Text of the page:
« Prev Chapter XXVI Next »

Chapter XXVI.

But if it is on account of those opinions of the Christians and Jews which displease Celsus (and which he does not at all appear to understand) that they are to be regarded as worms and ants, and the rest of mankind as different, let us examine the acknowledged opinions of Christians and Jews,37793779    τὰ αὐτόθεν πᾶσι προφαινόμενα δόγματα Χριστιανῶν καὶ ᾽Ιουδαίων. and compare them with those of the rest of mankind, and see whether it will not appear to those who have once admitted that certain men are worms and ants, that they are the worms and ants and frogs who have fallen away from sound views of God, and, under a vain appearance of piety,37803780    φαντασίᾳ δ᾽ εὐσεβείας. worship either irrational animals, or images, or other objects, the works of men’s hands;37813781    ἢ καὶ τὰ δημιουργἠματα. whereas, from the beauty of such, they ought to admire the Maker of them, and worship Him:  while those are indeed men, and more honourable than men (if there be anything that is so), who, in obedience to their reason, are able to ascend from stocks and stones,37823782    λίθων καὶ ξύλων. nay, even from what is reckoned the most precious of all matter—silver and gold; and who ascend up also from the beautiful things in the world to the Maker of all, and entrust themselves to Him who alone is able to satisfy37833783    διαρκεῖν. all existing things, and to overlook the thoughts of all, and to hear the prayers of all; who send up their prayers to Him, and do all things as in the presence of Him who beholds everything, and who are careful, as in the presence of the Hearer of all things, to say nothing which might not with propriety be reported to God.  Will not such piety as this—which can be overcome neither by labours, nor by the dangers of death, nor by logical plausibilities37843784    ὑπὸ λογικῶν πιθανοτήτων.—be of no avail in preventing those who have obtained it from being any longer compared to worms, even if they had been so represented before their assumption of a piety so remarkable?  Will they who subdue that fierce longing for sexual pleasures which has reduced the souls of many to a weak and feeble condition, and who subdue it because they are persuaded that they cannot otherwise have communion with God, unless they ascend to Him through the exercise of temperance, appear to you to be the brothers of worms, and relatives of ants, and to 508bear a likeness to frogs?  What! is the brilliant quality of justice, which keeps inviolate the rights common to our neighbour, and our kindred, and which observes fairness, and benevolence, and goodness, of no avail in saving him who practises it from being termed a bird of the night?  And are not they who wallow in dissoluteness, as do the majority of mankind, and they who associate promiscuously with common harlots, and who teach that such practices are not wholly contrary to propriety, worms who roll in mire?—especially when they are compared with those who have been taught not to take the “members of Christ,” and the body inhabited by the Word, and make them the “members of a harlot;” and who have already learned that the body of the rational being, as consecrated to the God of all things, is the temple of the God whom they worship, becoming such from the pure conceptions which they entertain of the Creator, and who also, being careful not to corrupt the temple of God by unlawful pleasure; practise temperance as constituting piety towards God!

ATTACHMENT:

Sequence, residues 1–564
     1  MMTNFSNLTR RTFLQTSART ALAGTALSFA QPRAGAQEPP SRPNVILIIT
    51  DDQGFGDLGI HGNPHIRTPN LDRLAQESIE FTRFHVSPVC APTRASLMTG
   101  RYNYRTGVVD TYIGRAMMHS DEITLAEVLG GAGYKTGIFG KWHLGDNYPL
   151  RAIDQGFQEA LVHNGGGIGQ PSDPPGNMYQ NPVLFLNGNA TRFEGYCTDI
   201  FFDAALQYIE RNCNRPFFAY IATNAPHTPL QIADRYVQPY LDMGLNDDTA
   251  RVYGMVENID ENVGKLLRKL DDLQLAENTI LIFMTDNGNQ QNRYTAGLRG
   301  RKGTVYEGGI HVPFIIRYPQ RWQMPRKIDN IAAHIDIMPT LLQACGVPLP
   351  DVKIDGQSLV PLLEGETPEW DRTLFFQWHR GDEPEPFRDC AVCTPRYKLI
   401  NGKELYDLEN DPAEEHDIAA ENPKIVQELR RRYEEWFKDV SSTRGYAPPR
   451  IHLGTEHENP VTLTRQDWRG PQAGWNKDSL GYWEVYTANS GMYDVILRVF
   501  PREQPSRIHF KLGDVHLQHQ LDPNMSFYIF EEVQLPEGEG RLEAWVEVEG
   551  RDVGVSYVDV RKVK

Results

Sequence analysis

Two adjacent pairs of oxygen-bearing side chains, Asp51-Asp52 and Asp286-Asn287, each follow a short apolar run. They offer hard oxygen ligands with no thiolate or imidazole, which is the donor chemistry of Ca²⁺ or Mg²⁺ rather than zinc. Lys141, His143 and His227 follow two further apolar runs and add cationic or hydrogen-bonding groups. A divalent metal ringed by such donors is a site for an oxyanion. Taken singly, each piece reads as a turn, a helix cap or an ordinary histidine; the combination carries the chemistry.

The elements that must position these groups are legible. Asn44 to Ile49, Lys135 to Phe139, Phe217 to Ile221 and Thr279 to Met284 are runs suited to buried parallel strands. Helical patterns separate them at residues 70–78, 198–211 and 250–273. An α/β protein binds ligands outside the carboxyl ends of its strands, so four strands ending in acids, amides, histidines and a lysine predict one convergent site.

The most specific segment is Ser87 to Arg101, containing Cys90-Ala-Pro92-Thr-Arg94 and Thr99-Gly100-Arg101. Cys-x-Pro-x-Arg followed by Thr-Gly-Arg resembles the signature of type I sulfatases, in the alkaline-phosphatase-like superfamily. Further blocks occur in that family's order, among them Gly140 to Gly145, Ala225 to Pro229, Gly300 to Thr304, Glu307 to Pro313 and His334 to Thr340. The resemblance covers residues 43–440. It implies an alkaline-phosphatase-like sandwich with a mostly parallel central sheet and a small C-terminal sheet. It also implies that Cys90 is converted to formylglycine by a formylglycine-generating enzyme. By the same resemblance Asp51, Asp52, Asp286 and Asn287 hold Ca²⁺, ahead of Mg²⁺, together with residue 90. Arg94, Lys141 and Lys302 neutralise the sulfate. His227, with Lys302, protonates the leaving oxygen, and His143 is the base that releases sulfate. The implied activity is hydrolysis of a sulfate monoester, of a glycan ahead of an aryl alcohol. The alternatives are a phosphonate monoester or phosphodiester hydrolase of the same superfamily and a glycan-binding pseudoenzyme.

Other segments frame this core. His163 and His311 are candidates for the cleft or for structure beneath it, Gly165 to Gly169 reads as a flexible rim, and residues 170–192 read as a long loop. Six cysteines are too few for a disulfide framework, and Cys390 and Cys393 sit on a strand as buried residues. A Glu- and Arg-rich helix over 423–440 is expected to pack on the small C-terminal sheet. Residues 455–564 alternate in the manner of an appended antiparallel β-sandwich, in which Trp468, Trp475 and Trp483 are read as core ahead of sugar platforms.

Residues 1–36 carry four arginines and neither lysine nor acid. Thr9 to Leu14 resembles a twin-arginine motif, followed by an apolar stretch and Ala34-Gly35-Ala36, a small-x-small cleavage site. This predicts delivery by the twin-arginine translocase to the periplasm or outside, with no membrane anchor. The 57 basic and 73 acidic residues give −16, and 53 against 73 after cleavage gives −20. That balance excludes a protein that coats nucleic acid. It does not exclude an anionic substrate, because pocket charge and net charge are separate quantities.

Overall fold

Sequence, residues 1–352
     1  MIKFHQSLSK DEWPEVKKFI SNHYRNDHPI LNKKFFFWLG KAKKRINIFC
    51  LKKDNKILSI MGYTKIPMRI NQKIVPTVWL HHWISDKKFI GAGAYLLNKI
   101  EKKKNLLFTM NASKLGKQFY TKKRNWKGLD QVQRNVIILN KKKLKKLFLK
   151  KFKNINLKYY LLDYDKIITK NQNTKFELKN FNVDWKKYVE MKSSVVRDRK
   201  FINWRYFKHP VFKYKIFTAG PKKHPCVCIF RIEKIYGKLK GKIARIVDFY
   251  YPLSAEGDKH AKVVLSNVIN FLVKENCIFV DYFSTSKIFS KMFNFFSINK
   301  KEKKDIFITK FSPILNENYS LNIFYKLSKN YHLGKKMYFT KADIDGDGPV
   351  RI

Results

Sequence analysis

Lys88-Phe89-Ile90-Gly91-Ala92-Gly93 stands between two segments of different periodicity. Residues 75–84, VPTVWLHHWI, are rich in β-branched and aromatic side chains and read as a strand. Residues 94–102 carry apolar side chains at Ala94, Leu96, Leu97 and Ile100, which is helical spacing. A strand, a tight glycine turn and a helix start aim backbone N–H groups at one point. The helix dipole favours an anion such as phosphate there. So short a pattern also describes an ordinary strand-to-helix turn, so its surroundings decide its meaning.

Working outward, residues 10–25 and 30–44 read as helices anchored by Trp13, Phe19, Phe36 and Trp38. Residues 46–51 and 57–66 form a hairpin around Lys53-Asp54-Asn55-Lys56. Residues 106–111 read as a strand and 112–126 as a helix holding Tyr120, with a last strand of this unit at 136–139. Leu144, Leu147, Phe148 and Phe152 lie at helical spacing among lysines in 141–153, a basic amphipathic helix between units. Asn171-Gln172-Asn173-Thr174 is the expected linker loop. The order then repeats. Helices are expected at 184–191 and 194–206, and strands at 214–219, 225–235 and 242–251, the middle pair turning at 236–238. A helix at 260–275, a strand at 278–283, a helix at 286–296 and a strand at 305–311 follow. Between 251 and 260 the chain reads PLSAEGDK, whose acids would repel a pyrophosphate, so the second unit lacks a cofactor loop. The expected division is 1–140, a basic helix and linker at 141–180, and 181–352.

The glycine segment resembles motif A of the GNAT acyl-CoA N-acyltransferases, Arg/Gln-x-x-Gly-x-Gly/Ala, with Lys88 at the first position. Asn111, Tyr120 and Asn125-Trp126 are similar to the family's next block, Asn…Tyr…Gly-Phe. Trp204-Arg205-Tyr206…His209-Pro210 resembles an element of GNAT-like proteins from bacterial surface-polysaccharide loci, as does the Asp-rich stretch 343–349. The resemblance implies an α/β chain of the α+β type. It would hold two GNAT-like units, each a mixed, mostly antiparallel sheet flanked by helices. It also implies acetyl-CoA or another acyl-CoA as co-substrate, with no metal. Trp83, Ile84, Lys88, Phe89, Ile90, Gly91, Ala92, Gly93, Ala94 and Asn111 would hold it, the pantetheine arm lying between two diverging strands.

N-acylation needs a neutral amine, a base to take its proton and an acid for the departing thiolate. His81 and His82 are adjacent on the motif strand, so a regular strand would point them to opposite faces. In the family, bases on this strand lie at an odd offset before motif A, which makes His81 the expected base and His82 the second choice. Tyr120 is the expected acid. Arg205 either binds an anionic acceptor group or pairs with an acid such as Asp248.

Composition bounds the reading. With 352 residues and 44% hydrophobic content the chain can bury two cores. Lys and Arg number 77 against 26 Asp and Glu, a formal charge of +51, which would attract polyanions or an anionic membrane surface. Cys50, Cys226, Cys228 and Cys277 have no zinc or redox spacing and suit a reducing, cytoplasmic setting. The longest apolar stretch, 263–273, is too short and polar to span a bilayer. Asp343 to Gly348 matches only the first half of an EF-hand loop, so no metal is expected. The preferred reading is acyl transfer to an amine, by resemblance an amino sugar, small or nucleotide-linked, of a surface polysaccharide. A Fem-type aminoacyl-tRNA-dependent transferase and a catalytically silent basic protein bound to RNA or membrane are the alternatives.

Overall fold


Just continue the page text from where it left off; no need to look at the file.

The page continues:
« Prev Chapter XXVI Next »





Advertisements



| Define | Popups: Login | Register | Prev Next | Help |